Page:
Plastic Materials >> Thermoplastic Material

Thermoplastic Material

Get a Quote
Contact Us
Quick Email

A thermoplastic material is any plastic polymer that can be heated and reset into a particular designated shape upon cooling. Most thermoplastic materials have a high molecular weight and will melt into a molten state quickly. Because of this, thermoplastics can be remolded and recycled without negatively affecting the material’s physical properties.

It is these general qualities that make thermoplastic polymers ideal for injection molding. However, each particular thermoplastic exhibits different qualities, advantages, and disadvantages, making it critical to select the right material for the application at hand. Additional fillers and additives can be also used to provide specific characteristics that better meet the application requirements.


Thermoset vs. Thermoplastic Material

It should be noted that thermoplastic materials are very different from thermoset materials. Though similar, thermosets can only be heated and molded once—they cannot be changed or melted back into their original shape.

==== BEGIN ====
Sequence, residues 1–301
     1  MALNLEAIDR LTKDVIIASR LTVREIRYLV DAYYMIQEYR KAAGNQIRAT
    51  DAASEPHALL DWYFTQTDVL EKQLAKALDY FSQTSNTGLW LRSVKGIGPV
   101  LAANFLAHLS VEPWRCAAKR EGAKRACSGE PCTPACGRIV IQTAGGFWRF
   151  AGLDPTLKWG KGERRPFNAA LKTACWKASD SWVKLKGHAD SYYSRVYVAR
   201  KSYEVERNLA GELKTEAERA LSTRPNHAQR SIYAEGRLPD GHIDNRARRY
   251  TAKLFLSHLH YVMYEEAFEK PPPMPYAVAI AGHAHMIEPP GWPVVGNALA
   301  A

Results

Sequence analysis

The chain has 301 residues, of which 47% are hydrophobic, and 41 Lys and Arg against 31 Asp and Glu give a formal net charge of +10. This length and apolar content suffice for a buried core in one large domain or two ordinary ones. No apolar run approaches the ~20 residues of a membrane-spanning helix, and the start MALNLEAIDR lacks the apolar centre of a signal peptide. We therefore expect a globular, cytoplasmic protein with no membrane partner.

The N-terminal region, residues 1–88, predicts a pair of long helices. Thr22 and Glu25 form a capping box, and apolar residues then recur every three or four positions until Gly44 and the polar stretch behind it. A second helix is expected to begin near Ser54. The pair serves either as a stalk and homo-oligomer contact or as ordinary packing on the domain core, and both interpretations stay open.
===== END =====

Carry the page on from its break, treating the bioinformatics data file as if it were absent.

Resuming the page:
Polymers are linked together during the curing process of thermosetting plastic, and they form a permanent chemical bond. This permanence makes thermosetting materials more ideal for heavy-duty applications like electronics or appliances. In contrast, thermoplastics are most often used for consumer goods, machine parts, medical equipment, and packaging and storage materials.

Thermoplastic Advantages

  • Recyclable & reusable
  • Environmentally friendly
  • More options for sheen, variance, etc.
  • Chemically retardant options
  • High impact resistance

Thermoset Advantages

  • More cost effective
  • Dimensional stability
  • Very malleable design
  • Excellent aesthetic appearance

Thermoplastic Elastomers

Modern technology has recently given rise to thermoplastic elastomers, a.k.a. TPEs or thermoplastic rubbers. Basically, before this technology, all rubber materials were thermosets, and once injected and molded, could not change.